White House releases bizarre memo insisting Biden's 33% approval in poll is an 'outlier' - then lists a series of surveys that have him still unpopular at below 50%
- The Quinnipiac University poll had Biden at 33 percent approval with 53 percent disapproval
- White House Deputy Chief of Staff Jennifer O'Malley Dillon called it an 'outlier'
- She penned a memo disputing the methodology
- She also noted the high rate of 'no opinion' responses
- Biden is at 43 per cent in poll averages, she noted
- But even that figure puts Biden below every Democratic president since Carter
A top White House official penned a memo this week disputing a poll that has President Joe Biden's approval in the basement at 33 percent – by citing polls and poll averages that still have the president in the low 40s.
White House Deputy Chief of Staff Jen O'Malley Dillon wrote the memo in response to the latest Quinnipiac University poll – which has Biden underwater at 33-53, which would be a low point.
The same survey had Biden at 36 per cent in November.
O'Malley Dillon, who managed Biden's campaign, assembled the memo to argue the poll is 'very likely an outlier.'
She responds to the survey by citing a raft of other polls that, while higher, still have Biden trailing other presidents in their first year in office and showing signs of deep political trouble.
He's at least at 43! President Joe Biden's 33 percent approval in a Quinnipiac poll is an 'outlier,' writes White House Deputy Chief of Staff Jennifer O'Malley Dillon
She notes that Biden's approval in the FiveThirtyEight average of all public polls has him at 43 per cent. 'Quinnipiac on the other hand is at 33% approval. This is drastically different from all other recent polls,' she writes.
That puts him in poor company when it comes to presidents going all the way back to Jimmy Carter. 'With the exception of Trump, Biden is in the worst shape of any of them,' CNN's Chris Cillizza noted, based on Gallup numbers. He called the argument – that Biden's numbers were historically now, but not as bad as the Quinnipiac poll suggested, 'baffling.'
'This is likely in part because Quinnipiac still exclusively uses a method called RDD (Random Digit Dialing, calling phone numbers at random) to collect data, a method which many major organizations have abandoned,' according to O'Malley Dillon.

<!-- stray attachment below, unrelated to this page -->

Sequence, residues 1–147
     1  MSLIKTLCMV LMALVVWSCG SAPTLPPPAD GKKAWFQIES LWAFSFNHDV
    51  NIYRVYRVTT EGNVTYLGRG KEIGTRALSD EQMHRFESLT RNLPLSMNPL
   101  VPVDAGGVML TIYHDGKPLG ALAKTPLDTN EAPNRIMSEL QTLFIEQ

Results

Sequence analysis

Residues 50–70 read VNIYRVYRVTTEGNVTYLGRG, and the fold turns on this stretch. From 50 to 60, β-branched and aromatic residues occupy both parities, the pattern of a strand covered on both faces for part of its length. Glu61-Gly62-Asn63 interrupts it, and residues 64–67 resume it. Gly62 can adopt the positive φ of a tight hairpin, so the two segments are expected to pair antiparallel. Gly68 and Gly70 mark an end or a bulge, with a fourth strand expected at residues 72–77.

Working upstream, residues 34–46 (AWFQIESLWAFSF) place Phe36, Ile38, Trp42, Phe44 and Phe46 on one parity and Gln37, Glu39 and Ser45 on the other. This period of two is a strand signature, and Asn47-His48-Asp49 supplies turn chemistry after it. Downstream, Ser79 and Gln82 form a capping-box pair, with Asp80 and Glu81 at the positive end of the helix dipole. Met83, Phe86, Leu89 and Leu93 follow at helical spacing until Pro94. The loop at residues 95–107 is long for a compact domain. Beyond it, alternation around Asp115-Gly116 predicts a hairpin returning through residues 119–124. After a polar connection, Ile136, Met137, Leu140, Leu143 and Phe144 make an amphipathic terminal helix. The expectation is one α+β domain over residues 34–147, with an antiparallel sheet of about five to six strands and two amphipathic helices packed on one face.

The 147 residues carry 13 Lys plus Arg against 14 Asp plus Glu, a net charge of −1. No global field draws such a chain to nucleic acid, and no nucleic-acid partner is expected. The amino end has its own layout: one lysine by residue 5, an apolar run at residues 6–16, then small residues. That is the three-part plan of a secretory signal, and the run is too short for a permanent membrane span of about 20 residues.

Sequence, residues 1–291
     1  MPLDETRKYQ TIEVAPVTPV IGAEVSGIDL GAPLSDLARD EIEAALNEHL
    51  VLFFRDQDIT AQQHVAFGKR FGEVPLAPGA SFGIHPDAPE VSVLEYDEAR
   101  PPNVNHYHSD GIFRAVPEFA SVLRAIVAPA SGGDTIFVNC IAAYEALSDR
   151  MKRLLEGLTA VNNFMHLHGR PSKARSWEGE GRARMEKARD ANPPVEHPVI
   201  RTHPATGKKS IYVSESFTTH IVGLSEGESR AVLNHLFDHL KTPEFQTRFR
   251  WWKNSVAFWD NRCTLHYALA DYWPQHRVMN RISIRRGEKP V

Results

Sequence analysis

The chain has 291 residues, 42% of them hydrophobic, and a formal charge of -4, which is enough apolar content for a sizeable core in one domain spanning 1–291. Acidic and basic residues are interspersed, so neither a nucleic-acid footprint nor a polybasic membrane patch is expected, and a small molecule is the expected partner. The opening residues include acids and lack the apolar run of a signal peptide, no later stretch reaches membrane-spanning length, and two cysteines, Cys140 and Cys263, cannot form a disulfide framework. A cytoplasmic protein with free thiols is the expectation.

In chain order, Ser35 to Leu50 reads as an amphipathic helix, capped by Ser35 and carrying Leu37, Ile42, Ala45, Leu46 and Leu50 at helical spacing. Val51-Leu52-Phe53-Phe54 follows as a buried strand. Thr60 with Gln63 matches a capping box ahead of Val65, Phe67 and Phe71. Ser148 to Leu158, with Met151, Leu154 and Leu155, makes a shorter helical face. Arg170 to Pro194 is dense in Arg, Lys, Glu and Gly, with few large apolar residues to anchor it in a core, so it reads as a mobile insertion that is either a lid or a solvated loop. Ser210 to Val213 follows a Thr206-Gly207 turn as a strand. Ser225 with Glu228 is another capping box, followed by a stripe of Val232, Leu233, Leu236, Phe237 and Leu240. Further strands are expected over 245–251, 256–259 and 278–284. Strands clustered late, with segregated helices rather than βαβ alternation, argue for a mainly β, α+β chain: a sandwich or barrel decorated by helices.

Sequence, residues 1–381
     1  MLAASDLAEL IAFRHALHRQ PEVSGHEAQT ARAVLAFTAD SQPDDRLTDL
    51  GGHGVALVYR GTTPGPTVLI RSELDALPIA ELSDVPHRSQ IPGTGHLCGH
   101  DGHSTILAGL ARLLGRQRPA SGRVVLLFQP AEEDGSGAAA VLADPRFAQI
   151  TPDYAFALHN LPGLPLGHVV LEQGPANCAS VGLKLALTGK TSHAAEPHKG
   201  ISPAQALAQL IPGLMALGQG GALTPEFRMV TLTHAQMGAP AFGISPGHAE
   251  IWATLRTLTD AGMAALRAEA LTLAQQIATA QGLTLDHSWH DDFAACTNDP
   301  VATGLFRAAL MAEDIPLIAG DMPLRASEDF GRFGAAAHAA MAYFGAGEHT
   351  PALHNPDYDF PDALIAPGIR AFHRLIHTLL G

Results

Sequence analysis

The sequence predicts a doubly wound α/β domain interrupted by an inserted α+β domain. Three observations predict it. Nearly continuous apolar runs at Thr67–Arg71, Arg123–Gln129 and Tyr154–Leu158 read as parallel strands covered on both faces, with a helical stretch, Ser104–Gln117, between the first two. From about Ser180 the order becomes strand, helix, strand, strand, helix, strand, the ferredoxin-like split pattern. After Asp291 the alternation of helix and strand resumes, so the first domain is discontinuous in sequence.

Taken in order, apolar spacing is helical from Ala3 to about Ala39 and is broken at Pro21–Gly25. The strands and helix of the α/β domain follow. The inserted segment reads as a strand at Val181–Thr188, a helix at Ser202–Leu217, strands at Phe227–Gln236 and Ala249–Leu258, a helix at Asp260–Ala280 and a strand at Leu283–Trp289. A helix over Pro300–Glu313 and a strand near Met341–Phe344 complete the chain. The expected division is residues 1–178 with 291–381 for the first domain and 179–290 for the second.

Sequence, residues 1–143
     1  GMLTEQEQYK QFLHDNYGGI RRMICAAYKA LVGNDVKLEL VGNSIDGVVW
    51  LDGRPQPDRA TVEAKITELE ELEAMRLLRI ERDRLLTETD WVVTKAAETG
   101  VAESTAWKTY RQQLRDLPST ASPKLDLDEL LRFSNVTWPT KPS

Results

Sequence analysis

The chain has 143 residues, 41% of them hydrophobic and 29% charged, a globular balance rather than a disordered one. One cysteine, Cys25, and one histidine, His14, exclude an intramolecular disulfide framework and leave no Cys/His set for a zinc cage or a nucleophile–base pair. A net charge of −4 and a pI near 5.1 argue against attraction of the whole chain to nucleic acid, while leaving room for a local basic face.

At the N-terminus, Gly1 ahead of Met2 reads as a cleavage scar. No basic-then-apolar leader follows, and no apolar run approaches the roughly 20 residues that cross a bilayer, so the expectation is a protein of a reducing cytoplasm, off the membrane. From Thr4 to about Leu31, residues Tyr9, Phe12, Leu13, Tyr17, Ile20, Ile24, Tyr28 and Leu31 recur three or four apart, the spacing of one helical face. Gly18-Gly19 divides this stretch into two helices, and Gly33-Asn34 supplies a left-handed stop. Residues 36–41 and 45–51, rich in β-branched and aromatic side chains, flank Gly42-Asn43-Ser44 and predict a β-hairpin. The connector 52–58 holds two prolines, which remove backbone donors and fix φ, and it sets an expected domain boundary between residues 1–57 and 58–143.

Jennifer OMalley Dillon served as Biden Campaign Manager. She pushed back at the methodology of the poll, and noted the high rate of 'no opinion' responses
The latest Quinnipiac poll had Biden at 33 percent, but he is running in the low 40s in poll averages. Even that figure has him running lower than all recent Democratic presidents, but higher than Donald Trump at the same point
White House Counsel Dana Remus (L) and Deputy Chief of Staff Jennifer O'Malley Dillon depart the White House on July 13, 2021 in Washington, DC
She also notes that the Q poll has a large 'undecided' or 'don't know' figure. She puts it at 11 percent, although the poll actually has this figure higher - at 13 percent. Other pollsters undertake to push respondents one way or the other to get a higher result either way, with lower undecided figures.
The poll pushback comes at a time when the White House is taking steps to retool its communications strategy.
Biden will hold his first formal press conference in more than 70 days next Wednesday, White House Press Secretary Jen Psaki said Friday.
And Vice President Kamala Harris has been conducting sit-down TV interviews amid her own low approval ratings. She did one with the 'Today' show this week.
Biden has also been bashing Republicans for standing in the way of voting rights legislation, comparing the the use of the filibuster to block it to Jim Crow and the confederacy.